serious

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English[edit]

Etymology[edit]

From Middle English seryows, from Old French serieux, from Medieval Latin sēriōsus, an extension of Latin sērius (grave, earnest, serious), from Proto-Indo-European *swēr- (heavy). Cognate with German schwer (heavy, difficult, severe), Old English swǣr (heavy, grave, grievous). More at swear, sweer.

Pronunciation[edit]

Adjective[edit]

serious (comparative more serious or seriouser, superlative most serious or seriousest)

  1. Without humor or expression of happiness; grave in manner or disposition
    It was a surprise to see the captain, who had always seemed so serious, laugh so heartily.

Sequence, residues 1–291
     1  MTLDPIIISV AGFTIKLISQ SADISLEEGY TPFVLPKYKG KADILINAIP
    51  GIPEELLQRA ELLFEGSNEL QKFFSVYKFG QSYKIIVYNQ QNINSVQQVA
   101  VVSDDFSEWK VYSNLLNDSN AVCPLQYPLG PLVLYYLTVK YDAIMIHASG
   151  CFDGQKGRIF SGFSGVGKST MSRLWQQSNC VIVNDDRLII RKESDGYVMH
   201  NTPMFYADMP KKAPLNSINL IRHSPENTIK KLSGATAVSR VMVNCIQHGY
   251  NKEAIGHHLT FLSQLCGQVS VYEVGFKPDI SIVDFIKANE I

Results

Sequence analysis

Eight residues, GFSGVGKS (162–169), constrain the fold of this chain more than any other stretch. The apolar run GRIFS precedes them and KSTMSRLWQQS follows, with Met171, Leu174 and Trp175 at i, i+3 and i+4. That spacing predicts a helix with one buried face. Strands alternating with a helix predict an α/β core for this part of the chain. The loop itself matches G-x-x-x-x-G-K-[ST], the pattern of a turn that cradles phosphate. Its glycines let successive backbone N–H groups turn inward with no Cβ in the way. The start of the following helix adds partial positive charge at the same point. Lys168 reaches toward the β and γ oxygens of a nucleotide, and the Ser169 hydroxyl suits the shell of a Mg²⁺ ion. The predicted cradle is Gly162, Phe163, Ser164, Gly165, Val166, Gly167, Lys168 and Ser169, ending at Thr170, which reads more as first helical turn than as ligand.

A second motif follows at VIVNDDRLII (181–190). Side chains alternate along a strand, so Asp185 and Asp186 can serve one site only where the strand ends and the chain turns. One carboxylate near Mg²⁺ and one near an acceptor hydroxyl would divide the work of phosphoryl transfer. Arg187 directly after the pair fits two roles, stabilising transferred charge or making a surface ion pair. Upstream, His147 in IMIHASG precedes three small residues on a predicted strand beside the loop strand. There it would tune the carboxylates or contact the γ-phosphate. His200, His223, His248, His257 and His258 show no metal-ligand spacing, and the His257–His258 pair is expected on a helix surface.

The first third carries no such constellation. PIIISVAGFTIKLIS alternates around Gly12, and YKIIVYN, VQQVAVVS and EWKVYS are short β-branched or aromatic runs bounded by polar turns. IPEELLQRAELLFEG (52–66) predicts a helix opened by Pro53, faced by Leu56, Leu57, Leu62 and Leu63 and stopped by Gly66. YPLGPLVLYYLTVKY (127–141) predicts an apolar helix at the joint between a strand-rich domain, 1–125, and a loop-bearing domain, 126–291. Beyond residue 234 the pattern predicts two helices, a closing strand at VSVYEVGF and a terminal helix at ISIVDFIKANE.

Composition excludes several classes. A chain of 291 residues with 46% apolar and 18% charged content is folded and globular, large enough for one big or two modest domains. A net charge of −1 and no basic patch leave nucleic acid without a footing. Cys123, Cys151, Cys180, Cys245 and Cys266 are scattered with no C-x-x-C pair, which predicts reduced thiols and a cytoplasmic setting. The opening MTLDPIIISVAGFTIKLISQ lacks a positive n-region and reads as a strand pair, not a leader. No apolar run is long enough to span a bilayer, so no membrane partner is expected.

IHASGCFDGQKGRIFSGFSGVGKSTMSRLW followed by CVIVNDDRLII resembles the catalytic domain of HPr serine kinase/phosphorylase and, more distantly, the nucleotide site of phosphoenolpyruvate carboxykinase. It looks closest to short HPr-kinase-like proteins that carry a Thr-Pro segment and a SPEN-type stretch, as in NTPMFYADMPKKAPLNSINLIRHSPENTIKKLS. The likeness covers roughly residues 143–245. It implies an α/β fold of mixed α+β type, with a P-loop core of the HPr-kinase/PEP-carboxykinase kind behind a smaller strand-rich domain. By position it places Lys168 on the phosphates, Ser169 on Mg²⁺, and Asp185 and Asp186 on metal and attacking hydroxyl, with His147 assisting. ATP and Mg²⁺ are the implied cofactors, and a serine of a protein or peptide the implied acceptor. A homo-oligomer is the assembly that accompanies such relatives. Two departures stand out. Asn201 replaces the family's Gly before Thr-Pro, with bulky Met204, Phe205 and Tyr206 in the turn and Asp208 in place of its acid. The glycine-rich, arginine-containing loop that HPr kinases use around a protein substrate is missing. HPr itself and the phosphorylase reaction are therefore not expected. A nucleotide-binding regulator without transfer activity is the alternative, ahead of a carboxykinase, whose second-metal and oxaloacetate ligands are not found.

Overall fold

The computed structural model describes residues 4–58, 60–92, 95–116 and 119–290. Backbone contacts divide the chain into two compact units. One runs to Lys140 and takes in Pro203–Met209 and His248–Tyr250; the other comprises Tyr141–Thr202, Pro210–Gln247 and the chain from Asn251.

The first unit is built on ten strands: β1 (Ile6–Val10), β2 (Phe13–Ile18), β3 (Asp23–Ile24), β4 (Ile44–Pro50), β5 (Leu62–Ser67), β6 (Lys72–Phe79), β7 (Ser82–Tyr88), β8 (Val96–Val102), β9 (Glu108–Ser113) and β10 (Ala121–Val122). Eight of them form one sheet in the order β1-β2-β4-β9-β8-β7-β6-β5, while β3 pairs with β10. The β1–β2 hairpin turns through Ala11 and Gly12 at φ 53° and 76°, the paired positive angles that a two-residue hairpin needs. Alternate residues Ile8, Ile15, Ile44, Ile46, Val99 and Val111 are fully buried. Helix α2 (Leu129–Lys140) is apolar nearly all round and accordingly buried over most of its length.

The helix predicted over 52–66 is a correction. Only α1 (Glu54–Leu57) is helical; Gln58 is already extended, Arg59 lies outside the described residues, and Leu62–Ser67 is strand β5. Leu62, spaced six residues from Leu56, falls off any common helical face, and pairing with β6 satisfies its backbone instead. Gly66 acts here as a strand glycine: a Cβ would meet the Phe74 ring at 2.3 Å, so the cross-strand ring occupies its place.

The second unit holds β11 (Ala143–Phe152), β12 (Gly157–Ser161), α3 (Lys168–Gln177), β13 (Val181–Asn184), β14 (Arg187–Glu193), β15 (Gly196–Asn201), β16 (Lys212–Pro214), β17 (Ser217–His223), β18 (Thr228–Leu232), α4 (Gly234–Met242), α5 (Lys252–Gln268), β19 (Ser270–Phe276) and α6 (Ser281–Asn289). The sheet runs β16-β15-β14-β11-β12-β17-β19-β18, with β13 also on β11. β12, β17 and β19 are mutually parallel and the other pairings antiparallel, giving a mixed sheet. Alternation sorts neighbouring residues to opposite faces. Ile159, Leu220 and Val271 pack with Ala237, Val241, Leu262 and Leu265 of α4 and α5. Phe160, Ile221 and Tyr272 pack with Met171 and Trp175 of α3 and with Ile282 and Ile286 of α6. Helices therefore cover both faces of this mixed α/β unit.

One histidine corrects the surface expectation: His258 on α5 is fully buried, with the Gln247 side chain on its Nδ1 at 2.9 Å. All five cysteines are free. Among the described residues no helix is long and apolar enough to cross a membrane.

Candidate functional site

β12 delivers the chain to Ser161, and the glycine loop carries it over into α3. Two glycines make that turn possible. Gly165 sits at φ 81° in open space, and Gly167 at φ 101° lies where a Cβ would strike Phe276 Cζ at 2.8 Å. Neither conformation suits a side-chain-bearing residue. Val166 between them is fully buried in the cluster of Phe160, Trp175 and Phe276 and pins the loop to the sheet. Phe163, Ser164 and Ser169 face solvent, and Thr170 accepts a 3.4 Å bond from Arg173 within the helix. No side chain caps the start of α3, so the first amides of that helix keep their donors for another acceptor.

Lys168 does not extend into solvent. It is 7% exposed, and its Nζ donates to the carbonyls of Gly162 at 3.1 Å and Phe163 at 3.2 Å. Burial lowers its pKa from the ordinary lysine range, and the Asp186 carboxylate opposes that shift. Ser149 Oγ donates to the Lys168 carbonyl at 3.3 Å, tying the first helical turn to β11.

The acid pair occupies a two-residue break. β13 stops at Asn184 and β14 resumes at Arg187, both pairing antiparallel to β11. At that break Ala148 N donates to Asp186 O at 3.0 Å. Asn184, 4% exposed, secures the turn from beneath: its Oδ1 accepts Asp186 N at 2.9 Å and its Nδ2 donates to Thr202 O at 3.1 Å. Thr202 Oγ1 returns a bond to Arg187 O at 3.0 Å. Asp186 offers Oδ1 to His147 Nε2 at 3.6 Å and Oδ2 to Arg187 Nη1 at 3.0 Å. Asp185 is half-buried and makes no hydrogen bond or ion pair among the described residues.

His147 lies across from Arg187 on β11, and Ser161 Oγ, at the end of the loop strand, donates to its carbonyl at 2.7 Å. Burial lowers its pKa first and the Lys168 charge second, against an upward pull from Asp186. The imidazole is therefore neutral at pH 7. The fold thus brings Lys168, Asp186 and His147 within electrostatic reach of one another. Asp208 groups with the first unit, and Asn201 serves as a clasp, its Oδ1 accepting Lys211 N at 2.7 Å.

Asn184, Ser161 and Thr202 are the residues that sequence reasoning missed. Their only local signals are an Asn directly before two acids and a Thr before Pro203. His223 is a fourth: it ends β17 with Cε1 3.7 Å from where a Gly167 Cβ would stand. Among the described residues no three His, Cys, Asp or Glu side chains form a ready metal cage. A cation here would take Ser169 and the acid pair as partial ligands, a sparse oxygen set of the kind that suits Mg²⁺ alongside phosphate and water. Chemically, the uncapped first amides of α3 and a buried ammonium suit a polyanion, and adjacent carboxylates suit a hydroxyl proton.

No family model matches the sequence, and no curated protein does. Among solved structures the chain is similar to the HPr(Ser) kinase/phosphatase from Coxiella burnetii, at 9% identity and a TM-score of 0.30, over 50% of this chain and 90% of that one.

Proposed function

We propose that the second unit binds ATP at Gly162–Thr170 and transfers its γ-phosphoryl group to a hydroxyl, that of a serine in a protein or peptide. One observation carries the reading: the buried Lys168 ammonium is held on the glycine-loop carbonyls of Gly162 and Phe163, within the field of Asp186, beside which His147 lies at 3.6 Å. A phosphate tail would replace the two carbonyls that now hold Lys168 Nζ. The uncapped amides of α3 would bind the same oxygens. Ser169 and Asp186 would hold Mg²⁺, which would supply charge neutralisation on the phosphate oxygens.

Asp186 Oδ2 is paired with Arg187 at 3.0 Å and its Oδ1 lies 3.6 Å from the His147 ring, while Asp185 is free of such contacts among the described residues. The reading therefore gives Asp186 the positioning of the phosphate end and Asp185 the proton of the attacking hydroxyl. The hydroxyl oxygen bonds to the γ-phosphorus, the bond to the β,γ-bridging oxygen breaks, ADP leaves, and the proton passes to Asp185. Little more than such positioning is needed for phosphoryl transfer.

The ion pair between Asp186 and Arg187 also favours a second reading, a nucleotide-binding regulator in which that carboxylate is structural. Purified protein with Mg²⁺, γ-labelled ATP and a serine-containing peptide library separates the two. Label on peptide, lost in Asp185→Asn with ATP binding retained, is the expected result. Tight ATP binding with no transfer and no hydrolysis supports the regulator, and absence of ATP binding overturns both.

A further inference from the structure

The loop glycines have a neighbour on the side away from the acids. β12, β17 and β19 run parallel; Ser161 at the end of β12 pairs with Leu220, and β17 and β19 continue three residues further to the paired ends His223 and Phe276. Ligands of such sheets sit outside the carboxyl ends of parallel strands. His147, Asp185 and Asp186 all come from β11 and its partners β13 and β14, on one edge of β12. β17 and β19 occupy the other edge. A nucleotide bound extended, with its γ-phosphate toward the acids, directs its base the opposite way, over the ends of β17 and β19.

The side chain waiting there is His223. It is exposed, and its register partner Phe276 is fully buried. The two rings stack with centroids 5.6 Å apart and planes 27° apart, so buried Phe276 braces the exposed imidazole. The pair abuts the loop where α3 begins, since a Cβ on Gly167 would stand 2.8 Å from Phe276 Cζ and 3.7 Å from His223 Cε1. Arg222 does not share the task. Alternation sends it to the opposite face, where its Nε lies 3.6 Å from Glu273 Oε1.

Synonyms: earnest, solemn
  2. Important; weighty; not insignificant
    This is a serious problem. We'll need our best experts.
  3. Really intending what is said; in earnest; not jocular or deceiving
    After all these years, we're finally getting serious attention.

Synonyms[edit]

Antonyms[edit]

Derived terms[edit]

Translations[edit]

Adverb[edit]

serious (not comparable)

  1. (colloquial, dialect) In a serious manner; seriously.
    • 1957, Ray Lawler, Summer of the Seventeenth Doll, Sydney: Fontana Books, published 1974, page 68:
      The only time I walk out on singin' is when there's muckin' about and youse don't take it serious.

Further reading[edit]